As a side note, there was a unexpected human behavioral aspect to our first class meeting: We observed that those who came early sat near the door and filled the right side of the room. None of the 15 who filled the left side roster (coming in later) showed signs of participation. This can be shown as the contingency table
+ - early/late 13 16 Wiki participants 0 15 Did not participate (3 dropped the class) (fortunately, only 5 missed class: Casey, Ryan, Hsiao, Jessica, and Kay--will help get them caught up)
So let's apply some of the statistical tests we are going to use on our comparative data: First, the ordinal probability tests for a 2 x n category table, http://www.quantitativeskills.com/sisa/statistics/ord2hlp.htm. Using this on-line calculator: What is the ordinal probability that this is a random result? (K-S, for Kolmogorov-Smirnov test, is the best of these tests): __?
The Fisher Exact test, http://www.matforsk.no/ola/fisher.htm, is more powerful, here for a 2 x 2 table. What result does it give?: __? Which do you believe and why? Was this result, from observed and self-report behavior, just random? What "confidence" would you give to the statement: those coming later to class hardly participated in the wiki experiment, while those did participate (almost) all came early. Confidence rating? __? Note that this is a conditional statement and does not imply that all who came early did participate. This is already both a precise statement and one that is complex in the sense of indeterminacy. A deterministic statement would have to go further and say that all who came early did participate: but since there were 15 who did not, this is clearly wrong. Simple statistics look for determinacy (the linear model). Complex statistics allow contingency and thus incomplete determinacy ('in'-determinacy, constraint).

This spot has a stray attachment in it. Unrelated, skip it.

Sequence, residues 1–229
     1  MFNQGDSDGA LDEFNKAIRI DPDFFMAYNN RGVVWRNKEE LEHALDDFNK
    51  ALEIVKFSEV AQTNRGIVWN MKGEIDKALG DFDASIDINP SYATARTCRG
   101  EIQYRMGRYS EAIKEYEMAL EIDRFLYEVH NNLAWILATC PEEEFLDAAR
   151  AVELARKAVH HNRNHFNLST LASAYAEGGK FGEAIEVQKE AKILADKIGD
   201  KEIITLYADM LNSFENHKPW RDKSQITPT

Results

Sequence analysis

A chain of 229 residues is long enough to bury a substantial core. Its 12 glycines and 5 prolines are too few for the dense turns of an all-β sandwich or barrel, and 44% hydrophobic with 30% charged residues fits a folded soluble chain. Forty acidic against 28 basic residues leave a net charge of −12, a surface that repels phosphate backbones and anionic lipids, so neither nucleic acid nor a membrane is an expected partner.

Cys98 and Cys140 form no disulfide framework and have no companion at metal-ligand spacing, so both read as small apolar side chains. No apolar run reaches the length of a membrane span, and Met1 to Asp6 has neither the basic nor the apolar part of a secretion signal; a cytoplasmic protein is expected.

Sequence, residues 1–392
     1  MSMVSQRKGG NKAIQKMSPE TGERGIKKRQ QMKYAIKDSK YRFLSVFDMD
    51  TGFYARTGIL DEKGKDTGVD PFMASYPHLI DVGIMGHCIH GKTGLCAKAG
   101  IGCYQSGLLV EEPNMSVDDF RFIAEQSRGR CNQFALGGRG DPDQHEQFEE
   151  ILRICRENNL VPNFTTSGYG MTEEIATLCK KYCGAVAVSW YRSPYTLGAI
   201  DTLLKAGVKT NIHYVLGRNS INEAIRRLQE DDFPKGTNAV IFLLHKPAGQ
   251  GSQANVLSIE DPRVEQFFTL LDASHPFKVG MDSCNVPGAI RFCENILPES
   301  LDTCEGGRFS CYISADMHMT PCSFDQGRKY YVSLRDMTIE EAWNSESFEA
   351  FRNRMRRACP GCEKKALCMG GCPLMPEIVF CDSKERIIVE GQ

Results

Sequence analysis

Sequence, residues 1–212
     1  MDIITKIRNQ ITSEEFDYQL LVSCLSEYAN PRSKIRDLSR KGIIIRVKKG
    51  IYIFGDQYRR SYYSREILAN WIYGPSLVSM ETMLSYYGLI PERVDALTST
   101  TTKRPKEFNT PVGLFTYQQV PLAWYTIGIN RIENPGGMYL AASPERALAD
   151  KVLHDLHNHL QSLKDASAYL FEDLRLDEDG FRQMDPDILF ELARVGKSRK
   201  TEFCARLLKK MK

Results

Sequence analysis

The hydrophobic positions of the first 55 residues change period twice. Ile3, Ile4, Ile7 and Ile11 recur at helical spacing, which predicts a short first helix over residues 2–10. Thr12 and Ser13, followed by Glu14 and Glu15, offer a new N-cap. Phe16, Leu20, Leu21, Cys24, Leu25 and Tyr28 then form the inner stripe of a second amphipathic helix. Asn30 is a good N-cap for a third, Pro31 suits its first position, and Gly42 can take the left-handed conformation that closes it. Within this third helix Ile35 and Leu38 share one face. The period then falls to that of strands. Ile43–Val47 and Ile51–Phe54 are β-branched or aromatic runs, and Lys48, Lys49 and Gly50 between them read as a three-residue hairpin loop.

Note that this experiment itself was indeterminate: it was not designed or even imagined beforehand. It was a behavioral regularity observed opportunistically, after-the-fact. Most of anthropology fieldwork is of this nature: paying attention to what is going on around you, what people are 'saying' (e.g., where they sit), what they are 'doing' (e.g., whether they 'wiki'), and figuring out 'who is who' (the network part of the study).
In response to Christine's question by email: What should we do with these statistics? the answer is click open the stat calculators above and fill in the four numbers in the cells, then click calculate (if you are confused, use the second calculator and check wikipedia:Fisher's exact test. We will discuss in class.
Write me a short note on notebook paper in class
What can you learn from these observations, if you trust in these conclusions? What would lead you to trust or distrust in them? What are the two probabilities from the two different calculators above: what to they mean? Do they add to your confidence in these conclusions?